CHATHAM — With shoaling at the entrance to Stage Harbor now at a critical level, the federal government is sending in the cavalry, or more precisely, the Army Corps of Engineers. The hopper dredge Currituck is expected to begin work around the second week in December.
“Conditions have deteriorated substantially over the last few months, and from what I gather, even more so in the last few weeks after the series of October weather events,” Coastal Resources Director Ted Keon said. “The timing is very fortuitous.”
While recreational boating has dropped off significantly, “the commercial boats and the Coast Guard were getting further and further concerned about conditions,” he said.
The Currituck was scheduled to begin work this week after completing a job at Cuttyhunk Harbor, but it damaged its hull while on that assignment and is returning to its home port of Wilmington, N.C. for repairs. That work should be completed quickly and the dredge is expected to arrive in Chatham by Dec. 10.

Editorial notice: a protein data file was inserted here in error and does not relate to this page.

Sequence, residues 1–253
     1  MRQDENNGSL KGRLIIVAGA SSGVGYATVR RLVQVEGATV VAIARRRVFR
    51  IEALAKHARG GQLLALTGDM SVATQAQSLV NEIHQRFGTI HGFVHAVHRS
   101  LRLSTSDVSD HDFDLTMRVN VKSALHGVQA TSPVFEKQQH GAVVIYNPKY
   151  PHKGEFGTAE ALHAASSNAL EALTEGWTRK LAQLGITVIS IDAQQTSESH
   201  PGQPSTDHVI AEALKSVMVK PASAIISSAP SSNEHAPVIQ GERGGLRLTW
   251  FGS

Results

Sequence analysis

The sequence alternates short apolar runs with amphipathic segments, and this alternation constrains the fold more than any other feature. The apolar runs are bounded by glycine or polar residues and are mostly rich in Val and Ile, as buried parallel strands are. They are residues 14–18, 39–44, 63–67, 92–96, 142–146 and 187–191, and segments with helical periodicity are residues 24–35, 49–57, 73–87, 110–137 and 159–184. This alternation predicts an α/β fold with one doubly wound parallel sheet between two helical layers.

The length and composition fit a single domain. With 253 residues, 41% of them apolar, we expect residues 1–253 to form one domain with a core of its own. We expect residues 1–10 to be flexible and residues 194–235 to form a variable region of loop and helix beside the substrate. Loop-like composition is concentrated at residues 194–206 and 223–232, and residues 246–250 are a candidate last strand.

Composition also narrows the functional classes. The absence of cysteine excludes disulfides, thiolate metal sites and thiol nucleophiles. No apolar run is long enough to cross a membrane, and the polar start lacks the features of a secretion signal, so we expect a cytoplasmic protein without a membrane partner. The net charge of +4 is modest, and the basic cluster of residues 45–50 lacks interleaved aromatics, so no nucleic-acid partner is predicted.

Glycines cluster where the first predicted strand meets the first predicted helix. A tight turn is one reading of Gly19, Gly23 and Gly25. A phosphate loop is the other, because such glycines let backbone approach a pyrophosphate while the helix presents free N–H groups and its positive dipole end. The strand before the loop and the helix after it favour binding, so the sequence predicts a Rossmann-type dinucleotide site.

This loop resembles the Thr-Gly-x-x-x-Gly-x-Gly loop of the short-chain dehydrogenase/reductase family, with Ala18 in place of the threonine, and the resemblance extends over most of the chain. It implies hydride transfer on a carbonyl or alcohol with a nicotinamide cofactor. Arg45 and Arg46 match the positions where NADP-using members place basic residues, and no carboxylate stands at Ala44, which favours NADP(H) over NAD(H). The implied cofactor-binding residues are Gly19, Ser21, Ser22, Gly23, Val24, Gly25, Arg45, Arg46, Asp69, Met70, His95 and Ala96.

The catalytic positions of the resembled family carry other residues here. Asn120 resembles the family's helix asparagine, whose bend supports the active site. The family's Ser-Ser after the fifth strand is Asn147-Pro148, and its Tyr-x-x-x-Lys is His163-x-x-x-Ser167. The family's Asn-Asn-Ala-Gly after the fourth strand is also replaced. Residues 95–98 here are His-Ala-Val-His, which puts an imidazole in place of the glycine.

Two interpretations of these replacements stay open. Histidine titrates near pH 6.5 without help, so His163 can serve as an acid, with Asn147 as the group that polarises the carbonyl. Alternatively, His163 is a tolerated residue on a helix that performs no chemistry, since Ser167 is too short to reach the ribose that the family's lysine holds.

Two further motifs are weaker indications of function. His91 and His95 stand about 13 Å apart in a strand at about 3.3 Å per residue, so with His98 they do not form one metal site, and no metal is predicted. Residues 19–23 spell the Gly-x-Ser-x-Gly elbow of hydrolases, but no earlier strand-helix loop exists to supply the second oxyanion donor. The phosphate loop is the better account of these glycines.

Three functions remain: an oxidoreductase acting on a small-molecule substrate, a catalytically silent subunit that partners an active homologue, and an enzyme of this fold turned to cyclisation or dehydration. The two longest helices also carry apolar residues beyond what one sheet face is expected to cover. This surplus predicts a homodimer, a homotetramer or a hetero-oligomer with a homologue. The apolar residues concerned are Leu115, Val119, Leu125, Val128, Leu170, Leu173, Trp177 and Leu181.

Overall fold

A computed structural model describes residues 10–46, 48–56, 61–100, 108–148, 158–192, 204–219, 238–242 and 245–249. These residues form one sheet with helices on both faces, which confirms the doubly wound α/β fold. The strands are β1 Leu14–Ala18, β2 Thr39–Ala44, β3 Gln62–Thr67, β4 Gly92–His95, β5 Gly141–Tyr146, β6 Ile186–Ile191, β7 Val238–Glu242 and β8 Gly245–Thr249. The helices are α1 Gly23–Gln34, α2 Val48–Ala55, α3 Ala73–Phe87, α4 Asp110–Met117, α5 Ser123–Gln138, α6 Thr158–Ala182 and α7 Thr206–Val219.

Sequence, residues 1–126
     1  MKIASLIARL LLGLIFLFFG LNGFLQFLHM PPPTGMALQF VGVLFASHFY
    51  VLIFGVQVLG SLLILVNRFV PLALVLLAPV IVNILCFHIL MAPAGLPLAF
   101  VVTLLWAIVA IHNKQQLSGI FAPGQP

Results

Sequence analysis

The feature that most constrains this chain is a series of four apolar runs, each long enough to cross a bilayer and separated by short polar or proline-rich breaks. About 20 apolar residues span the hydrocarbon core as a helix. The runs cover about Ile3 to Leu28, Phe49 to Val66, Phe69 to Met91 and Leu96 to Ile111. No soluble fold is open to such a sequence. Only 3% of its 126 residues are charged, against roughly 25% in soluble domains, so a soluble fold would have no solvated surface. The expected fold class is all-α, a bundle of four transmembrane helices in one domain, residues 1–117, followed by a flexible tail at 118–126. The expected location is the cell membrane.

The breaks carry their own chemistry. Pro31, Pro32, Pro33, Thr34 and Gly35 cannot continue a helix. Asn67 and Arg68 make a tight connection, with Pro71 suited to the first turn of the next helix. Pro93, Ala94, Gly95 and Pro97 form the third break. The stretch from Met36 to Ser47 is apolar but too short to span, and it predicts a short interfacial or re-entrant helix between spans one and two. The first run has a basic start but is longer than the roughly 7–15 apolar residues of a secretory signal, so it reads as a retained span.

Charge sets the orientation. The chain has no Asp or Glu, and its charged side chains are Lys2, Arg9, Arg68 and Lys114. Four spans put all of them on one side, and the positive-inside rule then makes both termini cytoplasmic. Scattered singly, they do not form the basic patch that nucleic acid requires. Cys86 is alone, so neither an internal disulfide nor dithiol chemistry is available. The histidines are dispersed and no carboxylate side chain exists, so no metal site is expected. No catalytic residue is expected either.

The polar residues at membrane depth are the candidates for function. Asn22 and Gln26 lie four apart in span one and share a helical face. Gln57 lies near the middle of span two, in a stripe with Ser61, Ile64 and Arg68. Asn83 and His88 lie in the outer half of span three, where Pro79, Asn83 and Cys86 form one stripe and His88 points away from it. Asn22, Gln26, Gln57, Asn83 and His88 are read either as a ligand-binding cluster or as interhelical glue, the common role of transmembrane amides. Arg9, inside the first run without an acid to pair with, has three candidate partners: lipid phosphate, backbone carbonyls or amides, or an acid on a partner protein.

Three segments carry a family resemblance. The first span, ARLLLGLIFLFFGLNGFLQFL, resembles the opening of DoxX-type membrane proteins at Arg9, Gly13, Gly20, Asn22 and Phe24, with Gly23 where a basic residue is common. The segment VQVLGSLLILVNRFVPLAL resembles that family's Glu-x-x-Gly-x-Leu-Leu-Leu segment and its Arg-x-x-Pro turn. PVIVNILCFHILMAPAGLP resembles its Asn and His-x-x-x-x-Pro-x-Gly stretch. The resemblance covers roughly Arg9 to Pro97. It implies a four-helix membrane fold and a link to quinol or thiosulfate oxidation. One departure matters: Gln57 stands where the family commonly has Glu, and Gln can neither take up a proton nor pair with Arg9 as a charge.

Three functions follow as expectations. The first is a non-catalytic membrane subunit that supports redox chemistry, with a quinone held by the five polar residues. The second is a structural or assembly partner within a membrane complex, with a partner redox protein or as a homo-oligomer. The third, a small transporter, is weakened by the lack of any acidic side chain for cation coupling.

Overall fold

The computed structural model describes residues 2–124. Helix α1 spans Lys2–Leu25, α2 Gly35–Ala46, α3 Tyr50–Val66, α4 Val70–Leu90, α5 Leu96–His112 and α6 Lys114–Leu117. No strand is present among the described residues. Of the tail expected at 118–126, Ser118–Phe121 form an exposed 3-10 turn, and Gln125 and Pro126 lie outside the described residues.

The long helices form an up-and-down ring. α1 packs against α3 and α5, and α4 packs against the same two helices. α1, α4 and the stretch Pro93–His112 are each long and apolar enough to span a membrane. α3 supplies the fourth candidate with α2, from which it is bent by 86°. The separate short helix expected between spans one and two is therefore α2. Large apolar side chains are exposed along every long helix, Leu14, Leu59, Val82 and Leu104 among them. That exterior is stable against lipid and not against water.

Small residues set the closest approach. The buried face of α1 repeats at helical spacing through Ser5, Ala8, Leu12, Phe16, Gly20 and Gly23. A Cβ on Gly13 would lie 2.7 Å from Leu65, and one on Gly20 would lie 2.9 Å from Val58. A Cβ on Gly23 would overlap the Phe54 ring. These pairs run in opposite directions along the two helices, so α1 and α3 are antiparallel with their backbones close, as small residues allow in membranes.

The work here is expected to take around three weeks, Keon said. It is made possible in part by support from Congressman Bill Keating, D–Ninth District, Keon added.
“Twenty to 25 days was the estimate,” he said. Army Corps officials arrived in Chatham last week and began surveying the harbor entrance in advance of the dredge’s arrival.
Unlike the county dredges, which pump the recovered sand to the beach using a series of pipes, the Currituck is a hopper dredge that loads the dredged material into a large open well. The ship then motors to the disposal site and opens up along the keel, allowing the recovered sand to spill out.
“The Currituck is not able to place the sand on the beach, which is a goal of ours,” Keon said. For that reason, its primary mission is to get the harbor entrance navigable again.
Keon said the county is expected to provide a dredge in February or March which will remove more sand from the Stage Harbor channel system, depositing it on the beach. Recovered sand is used to nourish beaches on the south side of town, staving off erosion and providing wide sandy areas for beachgoers the following summer.
Barnstable County’s dredge program has seen a number of challenges. The dredge Sand Shifter, purchased to supplement the aging dredge Codfish, had design problems and had to be retrofitted to improve its reliability. Both dredges are now functioning properly again, and the county is soon expecting delivery of a third dredge, which will significantly boost the program’s productivity.